Adding on to the open ended nature and vagueness of the Act there is lack of awareness among the citizens related to which public authority has the required information is the key problem with the Act. The government’s move to exempt CBI from the RTI Act has met with widespread criticism from activists who have described it as a “retrograde” step. Dilution of the Act has been deliberately done. Most of the Information Commissioners are ex IAS, while the Act clearly states that information commissioners may be selected from diverse backgrounds like technology, law, journalism etc. Thus, the procedure for appointment should be re-studied. There is a need for capacity enhancement in Public Authorities for handling RTI queries since ten information commissioners are too less for a country like ours with 2 billion population.
Weaker sections of society are hesitant in filing RTI applications because sometimes it involves submission of application fee in cash and the person has to be physically present in front of the PIO. Hence, usage of RTI is limited to middle class and social activists only. When an information request is transferred under (2f) to a private body, RTI does not provide any legal measures to seek compliance from the concerned private party.
Hence, the solution lies in only empowering the ordinary people of the country by which the nation can progress to its greatness. By the enactment of the RTI Act, the government has taken a small step but a significant one towards that goal. Thus, in the end, I would like to give my suggestions for better implementation of the RTI Act, though some of these might have been covered under the Right to Information (Amendment) Bill, 2013. Firstly, the government has to take keen interest for the proper implementation of the Act and strive towards creating awareness among the masses. Apart from this government should soften the tough procedures so that it becomes easy for the applicants to retrieve information. Most importantly, the government should think towards scrapping off the fees at the time of filing applications which was also recommended by a parliamentary committee and was welcomed by the then Central Information Commissioner Wajahat Habibullah when the Act was only two years old.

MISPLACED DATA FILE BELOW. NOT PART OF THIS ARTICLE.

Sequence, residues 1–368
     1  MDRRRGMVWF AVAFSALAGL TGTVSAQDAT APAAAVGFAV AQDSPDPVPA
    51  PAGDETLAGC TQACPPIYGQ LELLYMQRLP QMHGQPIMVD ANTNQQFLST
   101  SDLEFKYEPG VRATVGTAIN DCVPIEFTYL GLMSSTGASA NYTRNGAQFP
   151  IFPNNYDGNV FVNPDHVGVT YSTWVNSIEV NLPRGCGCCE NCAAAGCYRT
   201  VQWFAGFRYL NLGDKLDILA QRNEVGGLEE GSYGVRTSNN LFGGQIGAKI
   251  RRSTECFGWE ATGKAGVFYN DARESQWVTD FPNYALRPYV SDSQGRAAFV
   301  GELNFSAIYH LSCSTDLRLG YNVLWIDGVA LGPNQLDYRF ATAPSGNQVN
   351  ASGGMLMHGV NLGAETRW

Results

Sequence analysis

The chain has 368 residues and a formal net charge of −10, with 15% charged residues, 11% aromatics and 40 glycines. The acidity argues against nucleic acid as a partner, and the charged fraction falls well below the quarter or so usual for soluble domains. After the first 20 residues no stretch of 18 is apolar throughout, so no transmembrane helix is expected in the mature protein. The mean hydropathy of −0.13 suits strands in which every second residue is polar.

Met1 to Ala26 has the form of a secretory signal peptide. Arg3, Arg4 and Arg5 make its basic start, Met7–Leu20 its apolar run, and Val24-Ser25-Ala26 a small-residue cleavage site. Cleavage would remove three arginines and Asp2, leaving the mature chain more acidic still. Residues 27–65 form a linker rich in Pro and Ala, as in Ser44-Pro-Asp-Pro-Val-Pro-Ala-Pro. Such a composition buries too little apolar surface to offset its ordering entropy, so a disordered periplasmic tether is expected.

Therefore, the need of the hour is to make the Act accessible at the grass-root level as it has not reached the common man yet and is still utilized by the creamy layer of the society. Also, the accountability of the bureaucrats should be duly verified. The bureaucrats should make sure that the applications received should be precise and clear and try to minimize the misuse of the Act. Thus, the gap between government and citizens should be relined through effective implementation of RTI Act. Once this is done, the RTI Act would be viewed as being properly and fully utilized.
About the Author
Garima Singh is pursuing her B.A. LL.B. (Hons.) degree from National Law School of India University, Bangalore and is currently in her third year. She is a research fellow under the Ministry of Housing and Urban Poverty Alleviation (HUPA), Chair on Urban Poor and the Law, Karnataka. She has worked with several NGOs on human rights and child rights issues and has written essays and articles particularly dealing with these issues. Her work has been acknowledged and she has received awards for them too. She likes reading books and loves to paint and sing. Currently, she is interning with the Model Governance Foundation.